HEIDELBERG, Germany — We inherit a whole lot from our parents. Appearance, of course, but many people also share similar personalities or demeanors with at least one parent as well. On a concerning note, a new study from the European College of Neuropsychopharmacology finds babies born to mothers dealing with depression or anxiety often show physiological signs of stress themselves.
These babies tend to exhibit a faster heart rate than other newborns in response to stress. This leads researchers to speculate that they’ll be predisposed toward emotional stress while growing up.
It’s no secret that mother-newborn interactions following the delivery are incredibly important for the child’s development and overall health. It’s also well established that some new mothers dealing with issues such as depression, anxiety, and postpartum depression struggle to connect with their child. This can have a negative impact on the baby, often leading to insecurities and emotional problems at a later age.
Babies know when their mother is feeling depressed
For this new study, researchers used a mother/baby experiment first created in the 1970s to gauge the effect of emotionally distant mothers on their babies. The “Still Face Test” consists of two phases. During the first part, a mother and child play and interact in a happy, cheerful manner. In phase two, the mother essentially turns off all her emotions and responses, greeting her child with a blank expression no matter what the child does. Predictably, during the second phase, virtually all babies become upset and show signs of stress.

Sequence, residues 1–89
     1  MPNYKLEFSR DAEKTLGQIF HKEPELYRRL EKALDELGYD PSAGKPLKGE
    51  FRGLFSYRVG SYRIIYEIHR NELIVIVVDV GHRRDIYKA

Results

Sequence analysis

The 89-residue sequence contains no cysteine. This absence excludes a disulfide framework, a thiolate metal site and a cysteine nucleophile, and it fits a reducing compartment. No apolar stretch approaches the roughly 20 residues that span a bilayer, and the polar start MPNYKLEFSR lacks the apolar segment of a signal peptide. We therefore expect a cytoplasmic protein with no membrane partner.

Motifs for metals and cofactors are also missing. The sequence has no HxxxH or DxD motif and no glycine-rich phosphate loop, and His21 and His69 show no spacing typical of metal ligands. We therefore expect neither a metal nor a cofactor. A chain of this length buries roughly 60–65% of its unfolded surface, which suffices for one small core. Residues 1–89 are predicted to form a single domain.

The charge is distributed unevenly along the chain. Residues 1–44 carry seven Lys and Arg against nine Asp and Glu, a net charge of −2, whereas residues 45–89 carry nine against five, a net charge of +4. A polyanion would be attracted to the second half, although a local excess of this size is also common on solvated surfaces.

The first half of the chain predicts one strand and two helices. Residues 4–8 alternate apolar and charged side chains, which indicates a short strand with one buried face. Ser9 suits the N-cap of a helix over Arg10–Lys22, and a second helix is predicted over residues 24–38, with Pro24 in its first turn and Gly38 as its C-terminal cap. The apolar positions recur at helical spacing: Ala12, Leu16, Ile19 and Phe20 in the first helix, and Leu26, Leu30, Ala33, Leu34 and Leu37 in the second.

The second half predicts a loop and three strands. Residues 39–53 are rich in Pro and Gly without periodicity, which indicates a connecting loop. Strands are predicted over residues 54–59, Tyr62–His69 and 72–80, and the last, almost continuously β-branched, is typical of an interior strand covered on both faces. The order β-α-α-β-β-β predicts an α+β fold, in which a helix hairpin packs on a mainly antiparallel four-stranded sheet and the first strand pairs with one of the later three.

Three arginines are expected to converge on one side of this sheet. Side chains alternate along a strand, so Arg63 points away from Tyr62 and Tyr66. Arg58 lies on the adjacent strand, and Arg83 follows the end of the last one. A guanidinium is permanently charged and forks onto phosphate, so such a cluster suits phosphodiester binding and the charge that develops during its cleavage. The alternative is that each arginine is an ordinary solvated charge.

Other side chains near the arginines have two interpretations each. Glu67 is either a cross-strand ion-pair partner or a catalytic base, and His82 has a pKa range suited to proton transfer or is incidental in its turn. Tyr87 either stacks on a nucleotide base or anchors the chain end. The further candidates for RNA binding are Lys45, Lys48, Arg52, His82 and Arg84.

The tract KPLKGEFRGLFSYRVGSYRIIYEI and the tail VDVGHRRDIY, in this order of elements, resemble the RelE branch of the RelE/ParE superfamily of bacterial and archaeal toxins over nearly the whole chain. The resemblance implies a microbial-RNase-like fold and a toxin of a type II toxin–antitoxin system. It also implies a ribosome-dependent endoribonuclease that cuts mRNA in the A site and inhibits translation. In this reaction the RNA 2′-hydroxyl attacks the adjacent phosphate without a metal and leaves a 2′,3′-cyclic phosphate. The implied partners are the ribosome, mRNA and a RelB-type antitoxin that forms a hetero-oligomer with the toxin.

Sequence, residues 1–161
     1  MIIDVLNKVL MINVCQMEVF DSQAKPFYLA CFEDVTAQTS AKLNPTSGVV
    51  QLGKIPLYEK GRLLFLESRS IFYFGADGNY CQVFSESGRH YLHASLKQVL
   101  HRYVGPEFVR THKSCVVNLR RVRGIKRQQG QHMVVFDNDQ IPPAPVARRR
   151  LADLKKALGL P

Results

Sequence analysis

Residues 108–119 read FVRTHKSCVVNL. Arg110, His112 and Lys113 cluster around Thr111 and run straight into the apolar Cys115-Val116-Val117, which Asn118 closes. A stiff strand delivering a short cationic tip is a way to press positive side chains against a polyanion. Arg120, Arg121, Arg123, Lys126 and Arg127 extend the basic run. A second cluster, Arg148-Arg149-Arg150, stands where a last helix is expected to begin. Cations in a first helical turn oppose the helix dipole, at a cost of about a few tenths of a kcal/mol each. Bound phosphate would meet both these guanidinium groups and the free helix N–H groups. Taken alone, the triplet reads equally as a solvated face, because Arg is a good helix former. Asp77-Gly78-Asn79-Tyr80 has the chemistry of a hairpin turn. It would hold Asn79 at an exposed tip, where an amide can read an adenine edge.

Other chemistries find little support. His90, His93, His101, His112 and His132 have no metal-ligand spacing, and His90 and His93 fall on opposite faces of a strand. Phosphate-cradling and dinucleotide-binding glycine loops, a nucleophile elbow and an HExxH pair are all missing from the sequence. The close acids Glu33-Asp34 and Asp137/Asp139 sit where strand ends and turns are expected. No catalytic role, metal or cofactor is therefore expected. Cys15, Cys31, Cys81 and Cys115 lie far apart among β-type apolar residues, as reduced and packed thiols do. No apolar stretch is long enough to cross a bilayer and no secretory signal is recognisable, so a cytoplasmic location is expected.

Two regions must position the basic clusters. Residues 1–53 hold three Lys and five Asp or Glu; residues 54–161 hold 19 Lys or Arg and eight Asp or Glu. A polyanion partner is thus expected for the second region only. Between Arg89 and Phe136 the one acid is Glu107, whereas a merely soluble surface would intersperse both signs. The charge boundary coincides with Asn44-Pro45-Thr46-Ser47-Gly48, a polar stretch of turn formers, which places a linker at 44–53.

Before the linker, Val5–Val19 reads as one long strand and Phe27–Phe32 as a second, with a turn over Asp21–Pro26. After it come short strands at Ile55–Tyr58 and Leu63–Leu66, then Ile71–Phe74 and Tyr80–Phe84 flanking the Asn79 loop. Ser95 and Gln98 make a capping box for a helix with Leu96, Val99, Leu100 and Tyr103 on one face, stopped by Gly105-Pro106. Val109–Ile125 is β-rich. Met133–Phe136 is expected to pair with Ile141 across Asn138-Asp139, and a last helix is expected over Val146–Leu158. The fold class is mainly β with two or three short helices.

The new report used the “Still Face Test” once again. This time however, it included mothers who were particularly anxious or depressed at the time of birth. During phase two, these infants showed a much higher heart rate jump than other babies born to healthy mothers. On average, these babies’ hearts were beating eight beats per minute more than other infants.
Babies born to anxious or depressed mothers were also described by their parents as more temperamental than the typical infant.
Imprinting trauma in our children?
“To our knowledge this is one of the first times this physical effect has been seen in 3 months old infants. This may feed into other physiological stress systems leading to imprinted psychological problems”, says researcher Fabio Blanco-Dormond from the University of Heidelberg in a media release.
“We found that if a mother was anxious or depressed, their baby had a more sensitive physiological response to stress during the test than did the babies of healthy mothers. This was a statistically significantly increase of an average of 8 beats per minute during the non-interactive phase,” Blanco-Dormond adds. “This is a preliminary finding, so we need to repeat it with a larger sample to make sure that the results are consistent.”
The research is part of the COMPARE Study. It is a cooperative research effort between the University of Heidelberg, the Ludwigs-Maximilians University of Munich, the University of Wien, and the University of Ulm.